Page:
john ford and woody allen and stanley kubrick (and clint eastwood)

Es­ti­mated reading time is 2 min­utes.

TWO OF MY FAVORITE DIRECTORS are John Ford and Woody Allen. For the former, think Harry Carey and Henry Fonda and John Wayne. Men’s and wom­en’s men. For the latter, think Diane Keaton and Mia Farrow and Diane Wiest and Mira Sorvino and Scar­lett Jo­hansson and Pene­lope Cruz. Men’s and wom­en’s women. 

Mr. Ford made his male leads fa­mous while Mr. Allen has been making his fe­male leads famous.



His em­i­nence John Ford in what may be the hok­iest pub­licity photo that he ever posed for (Stage­coach) and al­lowed to be used. “You can have a weak, ut­terly bad script, and a good cast will turn it into a good pic­ture. I’ve thwarted more than one hand­icap of that kind with the aid of two or three re­ally fine actors.”

Of course there are ex­cep­tions: Mau­reen O’Hara was never better than when she was with the Duke under Ford’s di­rec­tion. And in Mid­night In Paris, Allen made us see Owen Wilson in a brand new light, one that should bring him much better roles than he has had in the past.

Anyway, this is a brief post to call at­ten­tion to a nice piece on Woody Allen in to­day’s New York Times (July 21) ti­tled “Annie and Her Sis­ters - Woody Al­len’s Dis­tinc­tive Fe­male Char­ac­ters” by Dave Itzkoff. I highly rec­om­mend to non-fans of Woody, es­pe­cially fe­male non-fans!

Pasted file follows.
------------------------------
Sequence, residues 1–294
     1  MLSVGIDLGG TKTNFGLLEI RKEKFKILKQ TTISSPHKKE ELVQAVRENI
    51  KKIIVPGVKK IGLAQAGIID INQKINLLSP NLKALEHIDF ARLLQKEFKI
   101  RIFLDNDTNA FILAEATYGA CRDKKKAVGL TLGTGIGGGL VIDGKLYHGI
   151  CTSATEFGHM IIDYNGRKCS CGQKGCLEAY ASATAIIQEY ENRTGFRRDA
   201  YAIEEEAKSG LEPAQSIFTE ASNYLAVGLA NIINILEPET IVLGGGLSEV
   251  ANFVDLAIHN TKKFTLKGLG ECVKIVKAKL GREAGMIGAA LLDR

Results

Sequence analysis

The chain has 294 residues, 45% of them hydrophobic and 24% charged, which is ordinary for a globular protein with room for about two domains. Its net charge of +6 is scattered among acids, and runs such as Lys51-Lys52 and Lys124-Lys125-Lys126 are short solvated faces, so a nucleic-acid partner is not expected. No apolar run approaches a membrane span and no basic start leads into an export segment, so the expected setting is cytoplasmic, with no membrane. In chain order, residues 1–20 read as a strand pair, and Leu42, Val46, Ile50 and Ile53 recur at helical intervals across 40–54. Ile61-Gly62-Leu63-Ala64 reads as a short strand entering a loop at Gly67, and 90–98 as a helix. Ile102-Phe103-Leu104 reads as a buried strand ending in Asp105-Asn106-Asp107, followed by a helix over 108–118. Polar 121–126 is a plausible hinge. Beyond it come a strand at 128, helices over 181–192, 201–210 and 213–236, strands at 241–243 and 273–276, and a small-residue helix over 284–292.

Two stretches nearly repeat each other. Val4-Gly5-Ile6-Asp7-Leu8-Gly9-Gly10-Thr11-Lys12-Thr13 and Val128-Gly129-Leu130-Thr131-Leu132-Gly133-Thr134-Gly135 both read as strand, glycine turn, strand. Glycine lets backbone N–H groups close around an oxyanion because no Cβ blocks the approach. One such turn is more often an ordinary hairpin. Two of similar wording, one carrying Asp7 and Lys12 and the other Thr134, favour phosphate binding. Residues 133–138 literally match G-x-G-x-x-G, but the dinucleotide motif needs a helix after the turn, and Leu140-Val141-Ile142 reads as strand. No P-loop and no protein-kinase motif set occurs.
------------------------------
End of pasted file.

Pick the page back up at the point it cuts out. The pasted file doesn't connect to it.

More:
Stanley Kubrick as many fans prefer to re­member him: ob­sessed if not de­mon­i­cally pos­sessed with the making of great movies. “Any time you take a chance you better be sure the re­wards are worth the risk be­cause they can put you away just as fast for a ten dollar heist as they can for a mil­lion dollar job.”

My third fa­vorite di­rector is Stanley Kubrick, with A Clock­work Or­ange my fav­er­avest of his films. (And for the in­ter­ested, au­thor An­thony Burgess found his title for his 1962 novel from a Cockney idiom, “as queer as a clock­work orange.”

Ac­cording to Wikipedia, this (now) po­lit­i­cally incorrect—and wudda shame that is!—phrase means “in­di­cating some­thing bizarre in­ter­nally, but ap­pearing nat­ural, human, and normal on the sur­face.” But that’s an­other story . . .


The Rookie (1990), Un­for­given (1992), True Crime (1999), Mil­lion Dollar Baby (2004), Gran Torino (2008), and Jersey Boys (2014). That’s a long road since Rowdy Yates . . .

Since I wrote this, I thought things through—ratiocinating a bit, you see—and I think I may have to el­e­vate Clint East­wood from the un­named fourth spot to per­haps second to Woody at this point in time. Per­haps be­cause he is ac­tive and rel­e­vant and so surprising—although I might sug­gest he stay away from Rep*blican con­ven­tions, where he is even more sur­prising and ar­guably more en­ter­taining but a hel­lu­valot less insightful . . .


HEADER IMAGE: The il­lus­tra­tion at the top of this page is by Thomas Fluharty for The New York Times. For more on Woody (this time con­cerning his tra­vails), please click on over to “the char­acter as­sas­si­na­tion of woody allen in the media con­tinues as ig­no­rance and opinion trump facts.”


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Love Clock­work Or­ange as well - thanks for the bito’ title info!

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